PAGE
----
If you don't know about Amazon Inspector, it's a managed AWS service which can scan your EC2 instances for vulnerabilities, and Security Groups for open ports accessible from the internet.
I am particularly interested in the latter in order to proactively monitor that no-one in an ops team accidentally leaves a port open via Security Groups without noticing (for a long time).
The tool works well (although it is hard to Terraform because there's no built-in logic to set the Inspector assessment template's 'schedule' from within Terraform, or link it to an SNS topic, so I did it by hand in the end). Particularly for the 'Network' scan (open ports), this is a built-in rule suite, you don't have to configure it.
AWS inspector runs the template and reports any Findings. It also grades the Findings in terms of perceived severity. For example, port 80 and 443 being open to the world is considered 'Low', while SSH (even if it is locked down to a specific source IP address) is graded Medium. I haven't got anything that represents a High grade :)
Part of the annoyance is that even if the port is locked down to a specific allowed bastion IP or client office IP for something like SSH or HTTPS (e.g a staging site), not 0.0.0.0/0, AWS still will report this as a finding. I guess it makes sense, it's about whether the 'outside' can access, whether or not that's a curated, vetted outsider.
But the main problem with AWS Inspector is that there is no way to set an 'allowed' list of ports (or source IPs in the ACL) that you expect to be open, and so to exclude from the findings.
Ideally, you could set a mapping of allowed ports/protocols per EC2 instance, and have the inspector compare what it finds with what's 'allowed', and move on if it's allowed.
Lucky you, sounds like you've not experienced monitoring/alert fatigue before.
It is really tiring to get weekly scan results that show the same thing 99% of the time if you know it can be ignored.
Then you do start ignoring the weekly alerts.
Then you miss something important on that 1% of times, and it turns into a big drama once you finally notice.
Rather than directly subscribe an email address to the SNS topic that the AWS inspector reports findings to, you can subscribe a Lambda function to that SNS topic. You can then use the Lambda function to do a bit more customisation of the findings before sending those results to a second SNS topic. The second SNS topic is then something you'd want to subscribe a human or bot to, to consume those filtered or formatted messages.
For writing such a Lambda function, there is already a guide that was written in 2016 on AWS' blog and it still works.
This Lambda function is simple, it just sends a slightly customised message for every Finding from the inspector, but it doesn't do any further filtering or formatting.
Here is my slightly modified (hacky) version of the script from that blog post.
The key part that I added, is this section (lines 55 - 81):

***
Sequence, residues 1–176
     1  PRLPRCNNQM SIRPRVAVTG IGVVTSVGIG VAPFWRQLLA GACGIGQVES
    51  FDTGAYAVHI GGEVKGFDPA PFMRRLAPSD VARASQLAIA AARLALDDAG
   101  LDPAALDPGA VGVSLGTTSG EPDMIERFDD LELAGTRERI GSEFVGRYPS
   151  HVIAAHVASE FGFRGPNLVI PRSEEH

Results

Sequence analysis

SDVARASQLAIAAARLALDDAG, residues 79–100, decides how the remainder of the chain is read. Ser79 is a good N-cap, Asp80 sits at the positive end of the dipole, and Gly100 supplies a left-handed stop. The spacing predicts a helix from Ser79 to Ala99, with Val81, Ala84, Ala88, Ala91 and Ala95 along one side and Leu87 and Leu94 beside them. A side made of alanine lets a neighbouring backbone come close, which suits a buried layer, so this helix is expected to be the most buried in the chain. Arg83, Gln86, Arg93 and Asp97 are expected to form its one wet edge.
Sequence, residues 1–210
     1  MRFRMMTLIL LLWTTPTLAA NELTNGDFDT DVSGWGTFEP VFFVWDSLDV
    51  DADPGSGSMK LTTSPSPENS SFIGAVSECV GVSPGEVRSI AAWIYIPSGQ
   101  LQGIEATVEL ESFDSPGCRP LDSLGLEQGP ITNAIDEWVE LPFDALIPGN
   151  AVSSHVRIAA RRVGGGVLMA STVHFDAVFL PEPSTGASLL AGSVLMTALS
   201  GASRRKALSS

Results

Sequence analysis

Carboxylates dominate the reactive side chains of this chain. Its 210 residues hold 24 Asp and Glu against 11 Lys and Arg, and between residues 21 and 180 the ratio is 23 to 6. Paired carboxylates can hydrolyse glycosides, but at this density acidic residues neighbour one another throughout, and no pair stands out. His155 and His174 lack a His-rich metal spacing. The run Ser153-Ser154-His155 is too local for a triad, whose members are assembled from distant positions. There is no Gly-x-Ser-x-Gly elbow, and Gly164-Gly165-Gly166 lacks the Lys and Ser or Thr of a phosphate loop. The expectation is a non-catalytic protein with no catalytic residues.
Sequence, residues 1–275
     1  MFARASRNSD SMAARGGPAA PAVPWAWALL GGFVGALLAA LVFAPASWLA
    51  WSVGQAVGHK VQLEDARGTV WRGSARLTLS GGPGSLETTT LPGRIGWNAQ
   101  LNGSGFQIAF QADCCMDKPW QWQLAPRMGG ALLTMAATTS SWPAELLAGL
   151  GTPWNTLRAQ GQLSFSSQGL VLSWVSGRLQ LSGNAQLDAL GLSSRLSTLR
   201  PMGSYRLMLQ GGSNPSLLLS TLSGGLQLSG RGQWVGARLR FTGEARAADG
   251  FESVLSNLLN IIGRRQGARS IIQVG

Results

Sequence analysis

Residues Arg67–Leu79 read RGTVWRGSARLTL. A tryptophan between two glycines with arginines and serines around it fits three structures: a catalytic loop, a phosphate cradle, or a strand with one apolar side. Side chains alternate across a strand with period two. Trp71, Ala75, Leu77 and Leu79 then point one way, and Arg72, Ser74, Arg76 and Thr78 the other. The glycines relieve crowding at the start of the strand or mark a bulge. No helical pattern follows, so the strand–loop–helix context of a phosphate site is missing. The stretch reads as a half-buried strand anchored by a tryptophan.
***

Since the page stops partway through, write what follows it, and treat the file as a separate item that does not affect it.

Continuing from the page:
# Get the server name from tag server_name = "" for tags in finding['assetAttributes']['tags']: if tags['key'] == 'Name': server_name = tags['value'] # If the server is expected to run certain public ports, ignore these from the findings if server_name in ['webapps (Prod)', 'vpn.foobar.com', 'brochure-pet-server.foobar.com', 'public-staging-site-pw-protected.foobar.com']: tcp_allowed = [ '80', '443', '[[80 - 80], [443 - 443]]' ] udp_allowed = [ '1194', '[[1194 - 1194]]' ] ports =  for tags in finding['attributes']: if tags['key'] == 'TCP_PORTS' or tags['key'] == 'UDP_PORTS' or tags['key'] == 'PORT': if tags['value'] != "": ports.append(tags['value']) for port in ports: if port in tcp_allowed: print('Skipping finding: ', title) ports.remove(port) for port in ports: if port in udp_allowed and server_name == 'vpn.foobar.com': print('Skipping finding: ', title) ports.remove(port) if len(ports) == 0: print('No findings worthy of reporting') return 1
What we are doing here is:
There are probably nicer ways of building up this list. Maybe instead of hardcoding them in the Lambda function, we could set a list of allowed ports as a Tag on the EC2 instance, and simply parse that list straight from the Tag.
The other caveat is where you have a microservices architecture and the frontend apps themselves also run as Docker containers on ECS, meaning their port is proxied through from an ALB to a high-numbered Docker-like port in the 32768-60999 range. This ends up appearing in the Findings as an 'aggregate' result, in the sense that even though the backend ECS cluster is not directly accessible, the open port 443 on the ALB, is forwarding traffic to the Docker port via a Target Group and so one way or another it is reachable.
What I would like to do is somehow filter out the high-numbered Docker ports from the ECS cluster, but I haven't found a way to sensibly parse something like [[ 32XXX - 32XXX ]] which is how the port 'attribute' is represented, when the ports are somewhat random (they change all the time whenever the ECS task is re-deployed). I think I would need to split up the results in that block and see if it is within range(32768, 60999). Even then, though, some malware uses high-numbered (unprivileged) ports, so I might want to know. This, therefore, might be a little bit of the 'alert fatigue' that I may have to settle with fighting against.
Anyway, that's my crude attempt at filtering out 'allowed' open ports. I (somehow) didn't find anyone smarter than I am going to this level of customisation of the Findings via Lambda, so I hacked on the example instead.